Total Design becomes a reality
A ten-year investment by the Hougen Foundation results in a state-of-the-art "Total Design Studio" allowing Kettering students to take their ideas from concept to completion.
The last of the old equipment is on a dolly and headed out the door as the latest acquisition in the Hougen Design studio, three new milling machines and a new lathe, are installed and readied for use.
Because of the Hougen Foundation, Kettering's 'Total Design Studio' concept has become a reality in the Hougen Design Studio, encompassing three adjoining rooms that enable students to take a project from design through manufacturing and testing. The most recent Hougen Foundation donation to the lab was $40,000 for the 2003 year. Since 1993 the Hougen Foundation has donated a total of $216,950 to the Hougen Design Studio.
"This has been about a ten year project for us," said Massoud Tavakoli, professor of Mechanical Engineering. "We started talking to E. Douglas Hougen of Hougen Manufacturing Inc. when the company was still located in Flint." Now located in Swartz Creek, Mich., the company produces hole making and cutting tools for on-site fabrication or factory applications.
"Mr. Hougen had been an instructor at Kettering when it was still known as GMI," said Tavakoli, "he originally agreed to donate machinery to our program and then started supporting this lab financially." The lab was later named "The Hougen Design Studio" in honor of the Hougen family's support.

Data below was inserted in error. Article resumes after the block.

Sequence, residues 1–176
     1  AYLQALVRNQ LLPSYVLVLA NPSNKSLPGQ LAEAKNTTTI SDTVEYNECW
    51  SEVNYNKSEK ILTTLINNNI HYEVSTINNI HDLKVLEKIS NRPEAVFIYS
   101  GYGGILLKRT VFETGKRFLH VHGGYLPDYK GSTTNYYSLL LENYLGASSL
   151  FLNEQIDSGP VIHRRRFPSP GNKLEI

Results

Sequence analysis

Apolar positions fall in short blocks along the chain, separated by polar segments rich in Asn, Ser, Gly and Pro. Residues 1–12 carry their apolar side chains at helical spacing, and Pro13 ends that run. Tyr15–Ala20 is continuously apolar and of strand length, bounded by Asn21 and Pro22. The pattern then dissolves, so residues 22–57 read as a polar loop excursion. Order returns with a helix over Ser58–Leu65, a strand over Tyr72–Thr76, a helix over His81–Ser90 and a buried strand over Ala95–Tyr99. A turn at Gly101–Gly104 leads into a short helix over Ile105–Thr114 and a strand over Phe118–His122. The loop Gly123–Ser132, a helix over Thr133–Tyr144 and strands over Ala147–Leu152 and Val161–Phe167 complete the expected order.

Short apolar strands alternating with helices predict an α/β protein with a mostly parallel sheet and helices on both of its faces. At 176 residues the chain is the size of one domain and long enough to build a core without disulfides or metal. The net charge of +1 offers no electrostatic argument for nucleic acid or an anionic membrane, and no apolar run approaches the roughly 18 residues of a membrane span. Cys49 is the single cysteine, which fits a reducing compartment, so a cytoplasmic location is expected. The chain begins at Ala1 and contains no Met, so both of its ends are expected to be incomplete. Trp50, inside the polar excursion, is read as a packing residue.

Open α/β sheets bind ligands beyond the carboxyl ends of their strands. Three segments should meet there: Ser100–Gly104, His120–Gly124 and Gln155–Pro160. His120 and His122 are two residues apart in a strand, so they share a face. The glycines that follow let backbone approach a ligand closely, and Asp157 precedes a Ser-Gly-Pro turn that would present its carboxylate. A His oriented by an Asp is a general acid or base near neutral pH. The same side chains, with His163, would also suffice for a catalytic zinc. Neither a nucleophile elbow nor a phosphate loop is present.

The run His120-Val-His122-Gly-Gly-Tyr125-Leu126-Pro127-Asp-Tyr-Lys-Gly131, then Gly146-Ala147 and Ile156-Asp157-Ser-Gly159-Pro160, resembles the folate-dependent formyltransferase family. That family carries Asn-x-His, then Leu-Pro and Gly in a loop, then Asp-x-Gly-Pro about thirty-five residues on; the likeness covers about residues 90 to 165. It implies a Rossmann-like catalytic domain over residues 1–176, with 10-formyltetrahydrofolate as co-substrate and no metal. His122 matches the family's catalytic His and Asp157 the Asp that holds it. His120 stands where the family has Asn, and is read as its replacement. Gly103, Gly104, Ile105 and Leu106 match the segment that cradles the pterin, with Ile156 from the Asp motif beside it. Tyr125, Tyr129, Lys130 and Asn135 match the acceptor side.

The 'Total Design Studio' concept creates an environment where design creativity teamwork takes precedence over lecturing. Kettering's 'Introduction to Design' course relies heavily on the Hougen Design Studio, which allows students to "follow a project through the entire process from design to manufacturing to testing," said Gary Hammond, professor of Mechanical Engineering. "When you think of Kettering, this is what you think of, the type of education where people actually design, build and test a project. It's a unique experience, especially for sophomores," he added.
Tavakoli agrees, "I believe in other schools there is so much pressure to go to virtualeverything, this lab probably makes us unique in the country. Not too many universities nationwide try to keep up labs of this magnitude," Tavakoli said, "it's very difficult to do."
"The equipment in this lab when we first inherited it in 1983/84 was metal cutting machinery that we had to use for wood cutting. It was extremely unsafe," Tavakoli said. "It was overpowered for what we wanted to do."
"If it weren't for the Hougen Foundation we'd have a lot of old equipment in here that would not be worth much," added Hammond, one of four faculty members who teach in the lab. "The last old piece that is on its way out is probably one of the better pieces we inherited, and it dates to the 1930's. It's pre-WWII equipment left over from General Motors Institute Tech (GMIT)," Hammond said.
The Hougen Foundation support has not only allowed replacement of old equipment, but has enabled Kettering to double the number of machines in the lab and provide every student their own tool kit for use during the term.
In addition to equipment donations and financial support, the Hougen legacy includes an endowment fund to underwrite the cost of consumables. "There are a lot of consumables in this lab," Tavakoli said, "we go through a lot of wood, screws and nails every year, and we can't recover a whole lot of it."
"From the beginning of our relationship with Mr. Hougen we anticipated we would need an endowment fund to cover the consumable costs for this lab. With every donation from the Hougen Foundation, a portion goes into an endowment. The endowment is currently valued at about $50,000," Tavakoli said.
"We owe the Hougen family and foundation many, many thanks," said Hammond.
Written by Dawn Hibbard